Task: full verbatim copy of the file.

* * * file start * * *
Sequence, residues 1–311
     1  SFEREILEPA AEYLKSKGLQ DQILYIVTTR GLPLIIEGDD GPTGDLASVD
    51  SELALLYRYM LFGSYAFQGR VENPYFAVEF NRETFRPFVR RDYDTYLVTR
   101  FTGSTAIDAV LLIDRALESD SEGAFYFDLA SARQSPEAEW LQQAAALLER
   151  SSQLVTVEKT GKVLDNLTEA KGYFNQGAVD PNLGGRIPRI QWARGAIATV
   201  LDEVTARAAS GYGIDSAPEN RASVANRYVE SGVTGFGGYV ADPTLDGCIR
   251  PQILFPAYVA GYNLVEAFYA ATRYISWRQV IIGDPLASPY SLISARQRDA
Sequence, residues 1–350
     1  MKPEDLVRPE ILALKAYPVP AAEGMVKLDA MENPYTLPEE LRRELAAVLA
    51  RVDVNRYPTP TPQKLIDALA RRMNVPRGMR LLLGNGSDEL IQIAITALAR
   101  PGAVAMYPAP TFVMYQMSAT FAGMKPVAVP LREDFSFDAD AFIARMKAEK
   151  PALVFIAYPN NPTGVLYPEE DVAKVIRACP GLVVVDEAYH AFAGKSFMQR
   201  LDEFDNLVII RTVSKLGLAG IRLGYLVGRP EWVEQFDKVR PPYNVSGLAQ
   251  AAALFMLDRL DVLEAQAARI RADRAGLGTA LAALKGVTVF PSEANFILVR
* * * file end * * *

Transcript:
Sequence, residues 1–311
     1  SFEREILEPA AEYLKSKGLQ DQILYIVTTR GLPLIIEGDD GPTGDLASVD
    51  SELALLYRYM LFGSYAFQGR VENPYFAVEF NRETFRPFVR RDYDTYLVTR
   101  FTGSTAIDAV LLIDRALESD SEGAFYFDLA SARQSPEAEW LQQAAALLER
   151  SSQLVTVEKT GKVLDNLTEA KGYFNQGAVD PNLGGRIPRI QWARGAIATV
   201  LDEVTARAAS GYGIDSAPEN RASVANRYVE SGVTGFGGYV ADPTLDGCIR
   251  PQILFPAYVA GYNLVEAFYA ATRYISWRQV IIGDPLASPY SLISARQRDA
Sequence, residues 1–350
     1  MKPEDLVRPE ILALKAYPVP AAEGMVKLDA MENPYTLPEE LRRELAAVLA
    51  RVDVNRYPTP TPQKLIDALA RRMNVPRGMR LLLGNGSDEL IQIAITALAR
   101  PGAVAMYPAP TFVMYQMSAT FAGMKPVAVP LREDFSFDAD AFIARMKAEK
   151  PALVFIAYPN NPTGVLYPEE DVAKVIRACP GLVVVDEAYH AFAGKSFMQR
   201  LDEFDNLVII RTVSKLGLAG IRLGYLVGRP EWVEQFDKVR PPYNVSGLAQ
   251  AAALFMLDRL DVLEAQAARI RADRAGLGTA LAALKGVTVF PSEANFILVR